Lecture-performance

“Now, before your very senses, a subversive, dark art will perform the transference of one body – to other bodies. It will bring about the unholy mixing of object, animal and human essences. It will produce shape-changing hybrids, that will try to trick you and to seduce you. You will feel things you know to be irrational. You will believe things you know to be false.”

A performance about belief, doubt, power and possession in film and through film. In this 60 minute lecture-performance-screening, I draw upon my experiences as a dancer and as a filmmaker to consider the powers of corporeal presence and absence on screen and in the imagination, as I explore aspects of projection both psychic and cinematic.

The presentation first came about in response to an invitation to talk about the body in film at What If… festival at Siobhan Davies Dance, London in 2013. I thought that the body of the film viewer should not be left out of this equation, so I tried to put  bodies, images, and the human imagination back together, and to use audio visual accompaniment to think about the relationship between film, modernity and magic. It was reworked for Fictional Matters at Glasgow’s CCA in 2016, and Munich’s School for Film & Television in 2017.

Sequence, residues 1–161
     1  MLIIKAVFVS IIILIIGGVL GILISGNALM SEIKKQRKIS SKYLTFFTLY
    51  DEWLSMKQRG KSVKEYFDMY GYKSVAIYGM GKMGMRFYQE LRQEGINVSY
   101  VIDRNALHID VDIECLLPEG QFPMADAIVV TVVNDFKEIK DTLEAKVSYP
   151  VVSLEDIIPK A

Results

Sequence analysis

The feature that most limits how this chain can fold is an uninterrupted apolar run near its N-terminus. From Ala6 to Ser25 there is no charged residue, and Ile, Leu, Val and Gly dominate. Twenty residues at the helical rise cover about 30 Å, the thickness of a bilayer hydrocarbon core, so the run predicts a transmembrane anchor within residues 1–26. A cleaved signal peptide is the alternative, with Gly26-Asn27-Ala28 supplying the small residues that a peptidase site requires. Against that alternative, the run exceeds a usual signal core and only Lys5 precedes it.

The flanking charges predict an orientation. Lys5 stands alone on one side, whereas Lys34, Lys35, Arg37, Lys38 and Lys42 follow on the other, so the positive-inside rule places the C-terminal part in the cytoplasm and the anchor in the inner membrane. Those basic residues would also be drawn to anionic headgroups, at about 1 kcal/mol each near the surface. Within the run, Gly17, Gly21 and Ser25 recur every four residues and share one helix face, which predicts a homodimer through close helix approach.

16mm projection:
Slap Happy Hunters. Dir. Eddy Donnelly (1940, b/w, 7minutes, USA)
Alone: Life Wastes Andy Hardy. Dir. Martin Arnold (1998, b/w, 15 minutes, Austria)
Video projection:
Quiet Please.
Dir. William Hannah, Joseph Barbera (1945, colour, 7.35 minutes, USA) excerpt.
Rize. Dir. David LaChapelle (2005, colour, 68 minutes, USA) excerpt.

Acknowledgements:
The pre-recorded words at the start are inspired by and adapted from Hollis Frampton’s  ‘A Lecture’ (1968)
Sergei Eisenstein ([1941], 2010) ‘Disney’ www.stopactionemory.wikispaces.com/file/view/Eisenstein+on+Disney.pdf
Anselm Keifer, (2012) ‘Animism: notes on an exhibition’
Rachel O Moore, (1999) ‘Savage theory: cinema as modern magic’, Duke University Press
Elaine Scarry, (1987) ‘The body in pain: the making and unmaking of the world’, Oxford University Press, U.S.A.;